The Great Red Dragon Paintings

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William Blake (British, 1757-1827) The Great Red Dragon and the Woman Clothed with the Sun (Rev. 12: 1-4), ca. 1803-1805 - Brooklyn Museum
The Great Red Dragon and the Woman Clothed with the Sun
The Great Red Dragon and the Beast from the Sea
The Number of the Beast is 666

The Great Red Dragon Paintings are a series of watercolour paintings by the English poet and painter William Blake, painted between 1805 and 1810.[1] It was during this period that Blake was commissioned to create over a hundred paintings intended to illustrate books of the Bible. These paintings depict 'The Great Red Dragon' in various scenes from the Book of Revelation.

And behold a great red dragon, having seven heads and ten horns, and seven crowns upon his heads. And his tail drew the third part of the stars of heaven, and did cast them to the earth.

— (Rev. 12:3-4, KJV)

The paintings[edit]

The Great Red Dragon and the Woman Clothed with the Sun[edit]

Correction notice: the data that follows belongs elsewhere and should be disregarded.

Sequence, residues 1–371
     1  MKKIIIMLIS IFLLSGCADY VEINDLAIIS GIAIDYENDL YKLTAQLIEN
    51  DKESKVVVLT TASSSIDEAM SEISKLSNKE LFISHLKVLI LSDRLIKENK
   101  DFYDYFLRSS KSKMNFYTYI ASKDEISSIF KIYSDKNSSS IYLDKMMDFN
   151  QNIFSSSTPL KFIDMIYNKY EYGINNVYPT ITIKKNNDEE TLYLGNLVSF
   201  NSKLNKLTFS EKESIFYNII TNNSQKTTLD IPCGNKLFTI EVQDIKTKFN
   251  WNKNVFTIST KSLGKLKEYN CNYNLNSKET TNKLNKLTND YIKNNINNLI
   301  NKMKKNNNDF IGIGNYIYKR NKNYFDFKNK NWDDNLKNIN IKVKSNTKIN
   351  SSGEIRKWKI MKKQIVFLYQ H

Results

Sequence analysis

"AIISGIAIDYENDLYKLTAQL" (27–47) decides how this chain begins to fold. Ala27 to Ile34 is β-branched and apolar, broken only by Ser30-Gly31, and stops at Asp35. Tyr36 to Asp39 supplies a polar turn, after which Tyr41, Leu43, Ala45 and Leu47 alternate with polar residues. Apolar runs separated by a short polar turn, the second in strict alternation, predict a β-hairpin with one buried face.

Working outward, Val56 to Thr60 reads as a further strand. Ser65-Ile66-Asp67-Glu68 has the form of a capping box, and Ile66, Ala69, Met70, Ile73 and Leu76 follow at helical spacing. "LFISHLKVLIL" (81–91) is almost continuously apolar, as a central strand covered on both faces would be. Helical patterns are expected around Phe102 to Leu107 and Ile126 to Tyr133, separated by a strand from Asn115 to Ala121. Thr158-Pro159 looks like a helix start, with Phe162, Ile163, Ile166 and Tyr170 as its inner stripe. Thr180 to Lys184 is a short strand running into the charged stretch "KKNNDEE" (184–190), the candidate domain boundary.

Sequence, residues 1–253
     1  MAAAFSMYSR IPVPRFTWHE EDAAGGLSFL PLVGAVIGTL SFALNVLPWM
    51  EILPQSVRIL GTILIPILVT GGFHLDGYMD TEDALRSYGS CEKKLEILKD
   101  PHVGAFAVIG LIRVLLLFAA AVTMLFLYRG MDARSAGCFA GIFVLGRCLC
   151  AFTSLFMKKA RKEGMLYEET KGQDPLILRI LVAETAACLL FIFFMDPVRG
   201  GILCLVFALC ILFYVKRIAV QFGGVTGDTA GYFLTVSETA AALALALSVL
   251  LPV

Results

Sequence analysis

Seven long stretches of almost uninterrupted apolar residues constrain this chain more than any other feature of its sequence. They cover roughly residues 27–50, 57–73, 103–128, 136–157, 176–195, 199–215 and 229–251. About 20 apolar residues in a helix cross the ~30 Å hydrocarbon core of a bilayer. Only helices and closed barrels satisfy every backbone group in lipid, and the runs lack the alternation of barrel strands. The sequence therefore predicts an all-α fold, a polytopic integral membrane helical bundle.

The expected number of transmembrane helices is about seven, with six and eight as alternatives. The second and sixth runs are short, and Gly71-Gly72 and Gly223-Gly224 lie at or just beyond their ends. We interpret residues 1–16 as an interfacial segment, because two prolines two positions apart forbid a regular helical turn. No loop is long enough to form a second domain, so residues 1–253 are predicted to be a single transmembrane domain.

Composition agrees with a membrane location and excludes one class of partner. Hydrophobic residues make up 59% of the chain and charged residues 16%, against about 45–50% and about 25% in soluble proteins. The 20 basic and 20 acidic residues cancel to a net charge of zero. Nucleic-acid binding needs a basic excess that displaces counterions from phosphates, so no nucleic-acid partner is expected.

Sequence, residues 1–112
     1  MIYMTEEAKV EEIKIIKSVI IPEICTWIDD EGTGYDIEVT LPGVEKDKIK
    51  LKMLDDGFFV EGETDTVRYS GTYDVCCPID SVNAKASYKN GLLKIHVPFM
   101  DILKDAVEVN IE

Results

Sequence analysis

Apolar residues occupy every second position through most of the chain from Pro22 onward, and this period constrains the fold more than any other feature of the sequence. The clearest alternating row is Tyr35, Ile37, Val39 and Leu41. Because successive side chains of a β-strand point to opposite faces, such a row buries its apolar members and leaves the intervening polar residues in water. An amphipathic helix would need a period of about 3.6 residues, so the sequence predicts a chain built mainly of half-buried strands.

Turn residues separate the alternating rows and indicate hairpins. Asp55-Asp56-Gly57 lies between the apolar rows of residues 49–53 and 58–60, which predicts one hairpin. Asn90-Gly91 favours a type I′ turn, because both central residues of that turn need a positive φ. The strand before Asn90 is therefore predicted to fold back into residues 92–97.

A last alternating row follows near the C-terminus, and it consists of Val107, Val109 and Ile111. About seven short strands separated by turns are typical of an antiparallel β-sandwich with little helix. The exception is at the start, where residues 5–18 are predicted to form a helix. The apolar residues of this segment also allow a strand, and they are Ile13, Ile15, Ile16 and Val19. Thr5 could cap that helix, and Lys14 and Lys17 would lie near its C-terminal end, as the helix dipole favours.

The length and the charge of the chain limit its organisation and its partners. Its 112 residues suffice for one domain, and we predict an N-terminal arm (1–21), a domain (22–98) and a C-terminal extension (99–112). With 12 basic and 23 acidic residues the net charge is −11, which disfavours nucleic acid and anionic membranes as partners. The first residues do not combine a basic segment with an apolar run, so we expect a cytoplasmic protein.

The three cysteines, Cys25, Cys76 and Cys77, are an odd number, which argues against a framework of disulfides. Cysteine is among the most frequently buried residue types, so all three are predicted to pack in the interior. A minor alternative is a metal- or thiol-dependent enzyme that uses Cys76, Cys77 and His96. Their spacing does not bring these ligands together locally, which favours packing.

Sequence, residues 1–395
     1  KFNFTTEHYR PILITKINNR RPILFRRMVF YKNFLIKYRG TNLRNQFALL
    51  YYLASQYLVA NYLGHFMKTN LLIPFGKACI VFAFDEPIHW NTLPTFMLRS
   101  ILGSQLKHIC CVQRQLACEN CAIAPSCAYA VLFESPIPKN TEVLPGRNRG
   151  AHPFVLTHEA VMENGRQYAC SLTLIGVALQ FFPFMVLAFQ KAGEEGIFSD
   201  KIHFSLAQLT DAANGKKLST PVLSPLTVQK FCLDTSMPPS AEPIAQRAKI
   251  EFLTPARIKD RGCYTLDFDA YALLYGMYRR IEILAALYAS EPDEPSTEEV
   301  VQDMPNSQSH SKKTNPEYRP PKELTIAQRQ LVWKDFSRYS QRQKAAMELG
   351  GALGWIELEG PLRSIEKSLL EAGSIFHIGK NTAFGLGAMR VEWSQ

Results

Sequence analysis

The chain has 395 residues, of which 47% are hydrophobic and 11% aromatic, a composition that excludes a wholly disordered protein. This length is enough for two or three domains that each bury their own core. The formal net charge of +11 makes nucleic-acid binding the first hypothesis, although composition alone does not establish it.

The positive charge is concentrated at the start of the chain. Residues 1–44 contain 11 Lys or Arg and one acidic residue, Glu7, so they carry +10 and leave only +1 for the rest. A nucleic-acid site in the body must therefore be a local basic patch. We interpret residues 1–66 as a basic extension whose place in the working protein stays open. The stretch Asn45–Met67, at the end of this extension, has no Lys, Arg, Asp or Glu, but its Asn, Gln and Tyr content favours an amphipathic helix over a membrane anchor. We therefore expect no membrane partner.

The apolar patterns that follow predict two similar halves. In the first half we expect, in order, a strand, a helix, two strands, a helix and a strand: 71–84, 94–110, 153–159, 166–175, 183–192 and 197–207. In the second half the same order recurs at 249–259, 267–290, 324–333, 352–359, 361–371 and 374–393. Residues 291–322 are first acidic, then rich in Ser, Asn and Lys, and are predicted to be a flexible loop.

Height: 43.7 cm, Width: 34.8 cm[2]

Housed at the Brooklyn Museum.

The Great Red Dragon and the Woman Clothed with the Sun[edit]

This image is similar to The Great Red Dragon and the Woman clothed in Sun but shown from a different viewpoint. Height: 40.8 cm, Width: 33.7 cm[3]

Housed at the National Gallery of Art, Washington D.C..

The Great Red Dragon and the Beast from the Sea[edit]

Height: 40.1 cm, Width: 35.6 cm[4]

Housed at the National Gallery of Art, Washington D.C..

The Number of the Beast is 666[edit]

Height: 40.6 cm, Width: 33.0 cm[5]

Housed at: the Rosenbach Museum & Library

In media[edit]

The painting The Great Red Dragon and the Woman Clothed with the Sun plays a prominent role in Thomas Harris' novel Red Dragon, its film adaptations, Manhunter and Red Dragon, and the TV series Hannibal, in which the primary antagonist Francis Dolarhyde has an obsession with the painting. Dolarhyde is fixated with the strength and power he thinks the dragon exudes, so he kills entire families to "become" the dragon. He also has a giant tattoo of the dragon on his back.

It has also been used as the Oxford World's Classics front cover of The Private Memoirs and Confessions of a Justified Sinner.[6]

References[edit]